If we do not separate thought from action in life first, it will be impossible to keep from identifying with thought in meditation where everything is in the same inner space. Our spiritual efforts must bring us to meditation and the mind for meditation must be cultivated in life.
The error of identifying with thought is perhaps the most important reason we must live vigilantly. We hurt and hurt others because of this carelessness. Each time we act on thought, and this includes all forms of conditioning however useful they appear, we become oblivious to what is actually in front of us from moment to moment or reality. We live in a bubble of thought though outwardly, we come go and do things on the world outside. When conditioning increases, it responds to life and I continue to hurt and hurt others and prolonged meditation becomes impossible.
2. Loss of goodness, balance and peace: The inner justification to hurt someone or even think of hurting someone, creates the propensity to hurt others as well. Goodness is present or manifest to the degree of the absence of the ability to hurt. When we act on the impulse to hurt, we lose our inner balance as impulses eclipse wisdom and surge on their own momentum. Inner balance is when thought does not impinge on consciousness by trying to be you or assume the sense of being. We are not talking about things like social courtesies and polite mannerisms but about the very core of understanding. If natural goodness abounds in the heart or this core of understanding; thought, feelings, words and actions that emanate from there will naturally be kind and loving. Whereas, social politeness may be a facade without any feeling or spirit.
This natural goodness and balance give stability in meditation and are the fuel to take the mind beyond its capacity to be observed for longer periods of time. Initially, the longer you sit, the more you will encounter oscillation in the mind. This is why the earlier limbs of yoga: yama, niyama, asana, pranayama and pratyahara become essential as you discover how to bring about harmony within and without by a way of living that is universal and not self-centered.
3. Likes, dislikes, attachments and aversion: These are the contaminants in understanding and the seeds, fuel and remnants of deluded action. When I allow these unjustified opposites to dwell within, even after the actions they insist on, I am stuck with stronger negative feelings once I've acted on initial ones. These opposites are the breeding ground of aversion and hatred which will give rise to more hurtful actions.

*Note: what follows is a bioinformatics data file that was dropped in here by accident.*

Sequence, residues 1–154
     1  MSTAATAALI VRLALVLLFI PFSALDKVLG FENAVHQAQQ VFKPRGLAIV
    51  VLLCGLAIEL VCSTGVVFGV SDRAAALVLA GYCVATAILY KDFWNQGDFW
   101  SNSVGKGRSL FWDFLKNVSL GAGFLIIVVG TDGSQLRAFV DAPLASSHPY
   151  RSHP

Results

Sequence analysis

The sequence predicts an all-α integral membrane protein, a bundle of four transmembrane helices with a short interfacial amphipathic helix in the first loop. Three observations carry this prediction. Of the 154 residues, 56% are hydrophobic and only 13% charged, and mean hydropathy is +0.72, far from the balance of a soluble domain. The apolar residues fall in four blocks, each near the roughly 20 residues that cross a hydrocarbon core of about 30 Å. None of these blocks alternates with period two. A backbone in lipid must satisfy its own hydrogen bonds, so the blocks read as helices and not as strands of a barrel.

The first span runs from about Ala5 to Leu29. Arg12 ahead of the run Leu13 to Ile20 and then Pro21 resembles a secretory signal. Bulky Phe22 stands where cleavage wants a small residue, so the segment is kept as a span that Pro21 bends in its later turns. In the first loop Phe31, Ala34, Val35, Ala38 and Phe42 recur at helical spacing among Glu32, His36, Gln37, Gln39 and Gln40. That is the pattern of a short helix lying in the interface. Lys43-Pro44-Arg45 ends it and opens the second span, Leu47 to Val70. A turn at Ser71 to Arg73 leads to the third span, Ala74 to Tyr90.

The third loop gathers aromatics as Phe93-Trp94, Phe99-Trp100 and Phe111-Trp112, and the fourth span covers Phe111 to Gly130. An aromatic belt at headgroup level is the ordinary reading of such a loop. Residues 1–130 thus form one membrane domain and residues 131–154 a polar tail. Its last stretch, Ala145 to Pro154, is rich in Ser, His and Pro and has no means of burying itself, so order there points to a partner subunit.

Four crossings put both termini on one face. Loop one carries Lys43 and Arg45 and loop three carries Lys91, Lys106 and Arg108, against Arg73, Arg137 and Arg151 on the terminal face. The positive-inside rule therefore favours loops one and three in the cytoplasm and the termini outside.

One can enjoy all that comes naturally without coming under the sway of likes and dislikes. By 'what comes naturally', I do not mean one should diminish their zeal to exert in life but to see that effort and result are two things. This instantly frees me to exert wholeheartedly in any endeavor as no energy is wasted or held back to watch for results. Can we not act or do what needs to be done on its own merit—just because it needs to be done? If it needs to be done—do it, leave it and then, do what else needs to be done wholeheartedly. If we are awake and alert, what needs to be done will be very visible and apparent. Justifications and their inner mechanism of selfishness will weaken by disuse as insight or living wisdom has taken its place by preference. There is no struggle, suppression or any of that involved.
Likes and dislikes are of equal danger to the sincere seeker as both impel one to act instead of the situation and inherent wisdom. This increases the energy flow in the mind and a mind with much energy is incapable of meditation.
4. Karmic fruition: Every action is bound by the law of karma. Karma or fruition is the law of being, no one punishes—we summon to ourselves by every action and thought is real action—the conditions necessary to learn and go beyond its causes.
You may believe in the law of karma or not but one can at least see that if I have the right to act selfishly, putting my interests first—others can claim the same and this does not make for good conditions to live in. It may seem that putting our interests first is necessary because everyone else is doing it but let's examine it impartially.
Why should my actions be influenced by what others are doing or feeling? If something seems right and needs to be done—do it wholeheartedly like there is no tomorrow and let it go. When we entertain 'others are doing it…', we stop seeing the situation and see these notions or thought and this is foolishness as we have lost step with reality and are ruminating in thought’s dark corridors instead of the bright sunshine of reality—what actually is.
Others may make a quick buck or get ahead by putting personal interests first but at what cost? The price tag is always reduction of being—for outer expansion there is inner contraction. For 'my interests…', I must stand apart and outside others, conditions and things as we've discussed earlier.
Universalizing your existence is to get and to stay in step with all things, everywhere, all the time—to breathe, act and live as part of life and discover your inseparability with this entire grand creation we find ourselves amidst.
5. Fear of retaliation: In hurting someone, I have opened the field for retaliation in the present or future and this will necessitate being ever alert or fearful of inbound retaliation.